The first Mario title of the year has arrived, with New Super Mario Bros. U Deluxe releasing on Nintendo Switch today.
Having been released on the unpopular Wii U console in 2012, the Japanese games giant decided to re-release the 2D platformer on its far more successful all-in-one Switch console – much like it did with Mario Kart 8 Deluxe in 2017.
The deluxe version, though, adds the New Super Luigi U expansion that was originally sold separately on the Wii U, as well as two additional characters – Toadette and Nabbit.
Here’s what we thought of the game and where to pick up a copy:
The Week reviews New Super Mario Bros. U Deluxe
Nintendo hasn’t deviated from the 2D platformer formula, which made the earlier Mario games a sales hit in the late 1980s and early 90s, since it relaunched the Super Mario Bros. series on the DS handheld console in 2006.
The Japanese company hasn’t had a reason to shake up the design of its 2D games, though. The Super Mario Bros. series has become one of the bestselling games of all time, with numerous versions launched on all of Nintendo’s consoles since the reboot of the DS.
You can therefore expect more of the same from New Super Mario Bros. U Deluxe, especially as it is a direct port of the game that launched six years ago on the Wii U.
The formula is simple. Run, jump and glide your way through eight worlds to save Princess Peach from Bowser’s clutches again. Each world boasts its own colour backdrop and unique enemies, making players feel as though they’re embarking on a grand adventure.
Despite the game’s 2D design, the layout of each level is wonderfully creative and deceptively challenging. This is by no means a simple game, with most levels requiring several attempts to complete. You’ll also need to return to levels to collect all three hidden coins, which help unlock more challenging worlds once you complete the game.
When you do get to the gates of Peach’s castle and defeat Bowser, New Super Mario Bros. U Deluxe begins to deviate from the original Wii U version.
Upon completing the game, players can take part in 80 additional stages that were originally sold as the separate New Super Luigi U bundle on Nintendo’s old console.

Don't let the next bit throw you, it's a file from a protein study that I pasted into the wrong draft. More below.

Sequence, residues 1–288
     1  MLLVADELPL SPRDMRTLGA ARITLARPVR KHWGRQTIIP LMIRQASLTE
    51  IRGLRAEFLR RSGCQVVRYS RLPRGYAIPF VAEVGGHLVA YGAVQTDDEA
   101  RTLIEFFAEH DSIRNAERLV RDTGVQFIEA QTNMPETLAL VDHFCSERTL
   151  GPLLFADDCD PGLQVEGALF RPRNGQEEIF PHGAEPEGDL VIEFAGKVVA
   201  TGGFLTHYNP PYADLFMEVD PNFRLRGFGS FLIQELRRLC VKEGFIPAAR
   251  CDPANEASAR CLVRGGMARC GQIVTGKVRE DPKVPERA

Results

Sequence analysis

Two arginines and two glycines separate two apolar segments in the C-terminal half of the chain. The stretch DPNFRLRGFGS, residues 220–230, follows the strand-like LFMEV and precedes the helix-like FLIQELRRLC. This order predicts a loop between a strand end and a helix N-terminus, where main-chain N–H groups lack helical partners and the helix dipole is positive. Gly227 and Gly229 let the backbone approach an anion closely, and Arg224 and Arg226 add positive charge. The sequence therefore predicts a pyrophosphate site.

There are also a host of even more challenging levels to complete after defeating Bowser, so players are guaranteed hours of extra playtime after the main quest has finished.
A peculiar design choice, though, is the way the difficulty system works. Those wanting to play the game on a normal difficulty level can play as Mario, Luigi and Toad. Meanwhile, Toadette, the female version of Toad, offers an easier playing experience, while Nabbit provides a “super easy” experience.
The design itself smacks of sexism. The Mario Bros. games are so popular because they appeal to people of all ages and genders. Having the only female character in the game serve as the easy option will be a frustration for Toadette fans, many of whom would be looking forward to playing as her.
Nevertheless, fans of classic Mario games who did not pick up a copy of the Wii U edition six years ago will find a lot to love with New Super Mario Bros. U Deluxe.
The gameplay hasn’t changed much over the past decade, and the graphics are beginning to look a little dated, but there simply isn’t another 2D platformer that is anywhere near as fun to play – for gamers of all ages and interests – than Super Mario Mario Bros. U Deluxe.
For dedicated fans, though, it may be time that Nintendo revamped the graphics and layout of its popular series.
Release date and where to order
New Super Mario Bros. U Deluxe is available to order now from Amazon for £42.99.